June 25, 2005 in City

Spokane’s annual bounce

By The Spokesman-Review
 
Christopher Anderson/ photo

At the start of Hoopfest weekend Friday evening, diners fill Rock City Grill’s and Olive Garden’s patios on Spokane Falls Boulevard as pedestrians dribble past.
(Full-size photo)

ON THE WEB

Hoopfest

“ The $2 “Hoop Loop” bus pass is good all

day for a shuttle around downtown and other Spokane Transit Authority routes. Details are at www.spokanetransit.com.

“ Everything you need to know for Hoopfest – including court locations and bus detours – is at spokesmanreview.com/ hoopfest.

More than 24,000 basketball players – from smaller ballers just out of second grade to elite teams from around the country – will turn downtown into the biggest 3-on-3 arena in the world today at the 16th annual Hoopfest.

The event is expected to bring 150,000 people downtown, said Brady Crook, the event’s new executive director. Those people will put an estimated $15 million into the local economy. Roughly half of the teams are from outside Spokane County. Participation is up from last year, 80 teams shy of the 2003 tournament record of 6,245.

“We love Hoopfest because it is so incredibly organized,” said Debbie Neumann of East Wenatchee, who has watched her family compete for eight years.

Sitting on the center court bleachers in Riverfront Park on Friday, Neumann leafed through registration materials as a long row of volunteers signed in teams behind her.

“We’ve never had a glitch or a problem, and that’s what keeps us (coming) back every year,” she said.

All three of her children have competed. This year, her 12-year-old son, Riley, plays with the Ballaholics.

Neumann’s daughter, a junior in high school, won her sixth-grade division in 2000 and still wears her prized Hoopfest T-shirt around the house.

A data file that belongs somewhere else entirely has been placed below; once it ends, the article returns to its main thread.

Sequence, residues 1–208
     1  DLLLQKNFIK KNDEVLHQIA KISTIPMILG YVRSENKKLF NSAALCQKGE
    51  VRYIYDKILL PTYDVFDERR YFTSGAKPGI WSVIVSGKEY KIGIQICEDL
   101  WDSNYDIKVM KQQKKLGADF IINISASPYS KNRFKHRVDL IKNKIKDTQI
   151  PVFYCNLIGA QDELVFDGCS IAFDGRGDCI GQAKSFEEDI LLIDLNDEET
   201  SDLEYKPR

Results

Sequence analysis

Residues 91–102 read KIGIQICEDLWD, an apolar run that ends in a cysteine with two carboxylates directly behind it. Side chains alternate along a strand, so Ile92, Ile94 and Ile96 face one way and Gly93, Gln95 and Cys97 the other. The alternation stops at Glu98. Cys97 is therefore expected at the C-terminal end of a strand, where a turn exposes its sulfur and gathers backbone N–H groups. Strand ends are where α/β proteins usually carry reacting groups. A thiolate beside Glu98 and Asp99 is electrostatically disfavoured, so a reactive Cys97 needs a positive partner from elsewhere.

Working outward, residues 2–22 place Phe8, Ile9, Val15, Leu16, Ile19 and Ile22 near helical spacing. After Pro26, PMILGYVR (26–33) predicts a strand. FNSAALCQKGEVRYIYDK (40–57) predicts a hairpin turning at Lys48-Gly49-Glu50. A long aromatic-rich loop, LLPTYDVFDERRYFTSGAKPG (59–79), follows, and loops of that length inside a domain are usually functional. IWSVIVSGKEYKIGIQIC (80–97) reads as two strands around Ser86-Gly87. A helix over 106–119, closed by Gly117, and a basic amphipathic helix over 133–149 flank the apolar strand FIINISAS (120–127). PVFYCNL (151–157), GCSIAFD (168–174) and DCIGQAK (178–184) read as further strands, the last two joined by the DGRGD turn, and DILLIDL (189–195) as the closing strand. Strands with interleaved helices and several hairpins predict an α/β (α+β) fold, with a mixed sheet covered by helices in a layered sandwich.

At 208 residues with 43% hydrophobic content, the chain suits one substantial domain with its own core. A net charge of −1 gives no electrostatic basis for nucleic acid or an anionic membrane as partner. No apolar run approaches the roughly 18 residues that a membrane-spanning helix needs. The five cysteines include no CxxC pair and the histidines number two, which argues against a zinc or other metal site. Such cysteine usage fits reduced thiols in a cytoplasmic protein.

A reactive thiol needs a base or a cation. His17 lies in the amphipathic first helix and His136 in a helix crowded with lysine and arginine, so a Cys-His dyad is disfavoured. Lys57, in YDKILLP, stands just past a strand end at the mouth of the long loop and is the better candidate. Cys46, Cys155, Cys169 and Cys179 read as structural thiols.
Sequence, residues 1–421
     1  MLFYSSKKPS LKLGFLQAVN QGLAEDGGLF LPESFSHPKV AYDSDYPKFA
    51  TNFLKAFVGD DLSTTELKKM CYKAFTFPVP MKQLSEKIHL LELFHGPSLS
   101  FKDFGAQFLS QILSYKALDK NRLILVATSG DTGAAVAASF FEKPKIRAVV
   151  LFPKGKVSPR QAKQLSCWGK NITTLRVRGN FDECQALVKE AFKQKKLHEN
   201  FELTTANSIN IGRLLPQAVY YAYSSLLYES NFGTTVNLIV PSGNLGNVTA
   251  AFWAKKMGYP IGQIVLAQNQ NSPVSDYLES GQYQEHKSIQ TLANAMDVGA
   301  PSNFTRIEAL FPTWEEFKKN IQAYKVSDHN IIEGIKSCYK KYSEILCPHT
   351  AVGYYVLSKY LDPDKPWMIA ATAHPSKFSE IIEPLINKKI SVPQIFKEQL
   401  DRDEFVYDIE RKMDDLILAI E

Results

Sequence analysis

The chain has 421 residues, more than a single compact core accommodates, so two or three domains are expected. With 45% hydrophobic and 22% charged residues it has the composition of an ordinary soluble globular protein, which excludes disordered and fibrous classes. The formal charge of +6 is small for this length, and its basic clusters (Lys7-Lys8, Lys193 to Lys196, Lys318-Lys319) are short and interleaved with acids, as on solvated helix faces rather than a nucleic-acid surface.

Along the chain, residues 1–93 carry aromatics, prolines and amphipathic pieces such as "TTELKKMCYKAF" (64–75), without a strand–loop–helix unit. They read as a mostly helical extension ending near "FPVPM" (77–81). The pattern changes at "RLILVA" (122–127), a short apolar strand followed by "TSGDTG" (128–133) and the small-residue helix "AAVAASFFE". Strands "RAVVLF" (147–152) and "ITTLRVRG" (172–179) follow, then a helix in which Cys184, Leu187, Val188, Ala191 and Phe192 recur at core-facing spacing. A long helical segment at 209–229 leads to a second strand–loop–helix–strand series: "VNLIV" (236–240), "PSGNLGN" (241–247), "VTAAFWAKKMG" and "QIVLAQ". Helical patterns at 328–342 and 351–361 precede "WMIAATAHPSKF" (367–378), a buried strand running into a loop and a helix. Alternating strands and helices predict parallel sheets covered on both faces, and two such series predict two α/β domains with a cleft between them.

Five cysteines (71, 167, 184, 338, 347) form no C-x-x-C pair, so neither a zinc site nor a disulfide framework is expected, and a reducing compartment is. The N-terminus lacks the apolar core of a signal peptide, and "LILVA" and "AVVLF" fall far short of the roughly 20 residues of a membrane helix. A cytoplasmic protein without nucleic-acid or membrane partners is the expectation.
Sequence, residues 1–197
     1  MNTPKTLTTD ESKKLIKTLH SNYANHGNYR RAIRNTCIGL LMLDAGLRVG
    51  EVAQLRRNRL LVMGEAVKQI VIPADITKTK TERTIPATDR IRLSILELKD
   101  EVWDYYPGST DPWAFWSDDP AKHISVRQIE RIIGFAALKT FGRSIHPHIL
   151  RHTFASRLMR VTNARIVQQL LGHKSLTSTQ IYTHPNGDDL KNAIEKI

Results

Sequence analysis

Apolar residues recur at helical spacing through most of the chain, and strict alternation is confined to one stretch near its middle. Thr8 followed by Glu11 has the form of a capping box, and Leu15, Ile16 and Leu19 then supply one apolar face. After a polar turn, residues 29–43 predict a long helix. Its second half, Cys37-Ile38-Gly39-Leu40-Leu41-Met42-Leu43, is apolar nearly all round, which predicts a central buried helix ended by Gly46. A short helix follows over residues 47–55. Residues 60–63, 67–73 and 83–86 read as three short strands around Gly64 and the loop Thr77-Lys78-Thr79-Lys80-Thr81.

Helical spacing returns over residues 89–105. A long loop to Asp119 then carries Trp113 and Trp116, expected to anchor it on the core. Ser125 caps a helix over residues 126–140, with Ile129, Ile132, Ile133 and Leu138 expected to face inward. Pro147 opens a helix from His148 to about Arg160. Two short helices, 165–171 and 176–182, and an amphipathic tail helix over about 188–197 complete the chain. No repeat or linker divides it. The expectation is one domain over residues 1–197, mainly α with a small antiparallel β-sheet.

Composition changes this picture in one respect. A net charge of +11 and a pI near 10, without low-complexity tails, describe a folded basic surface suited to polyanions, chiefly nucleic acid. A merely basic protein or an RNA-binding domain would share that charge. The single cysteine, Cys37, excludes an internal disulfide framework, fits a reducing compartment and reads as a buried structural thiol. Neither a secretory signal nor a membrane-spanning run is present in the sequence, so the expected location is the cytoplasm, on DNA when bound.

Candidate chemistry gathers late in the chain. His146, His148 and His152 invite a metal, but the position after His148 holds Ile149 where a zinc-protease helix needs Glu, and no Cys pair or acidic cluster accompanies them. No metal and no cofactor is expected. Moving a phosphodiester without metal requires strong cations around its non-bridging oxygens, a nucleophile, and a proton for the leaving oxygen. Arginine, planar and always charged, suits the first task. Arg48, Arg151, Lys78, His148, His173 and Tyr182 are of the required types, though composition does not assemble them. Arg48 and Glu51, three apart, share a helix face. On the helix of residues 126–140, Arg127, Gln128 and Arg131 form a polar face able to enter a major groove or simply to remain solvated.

“It’s like a blanket,” said her father, Matt Neumann. “She won’t let go of it.”

The Ballaholics and their fellow competitors will play on 395 courts. Between 300 and 400 volunteers laid down 12 miles of tape to outline the courts, starting at 7 p.m. Friday and finishing seven hours later.

By the time Hoopfest is done, more than 3,000 people will have volunteered, Crook said. To accommodate the crowd, 221 portable toilets have been set up around the tournament.

For three years, Hoopfest and Ironman Coeur d’Alene have created what tourism officials at a recent meeting called a “perfect storm,” packing area hotels this weekend. The Neumanns booked their hotel room in February. Many people make their reservation a full year in advance.

“We will be completely sold out by Sunday afternoon for next year,” said Suzie Mize, a manager at the Ridpath hotel downtown.

Rooms were scarce from Spokane to Coeur d’Alene, and businesses downtown braced for the influx of Hoopfest business.

“Hands down, biggest day of the year,” said Ron Kyhl, general manager of Red Robin downtown. “This is our Super Bowl.”

The restaurant set the franchise’s national one-day sales record during Hoopfest four years ago and has broken it during every Hoopfest since. His crew expects to break it again today. Kyhl brought in extra managers from Seattle and will open two hours early to keep up with business.

Competition starts at 8 a.m. today and finishes Sunday evening.


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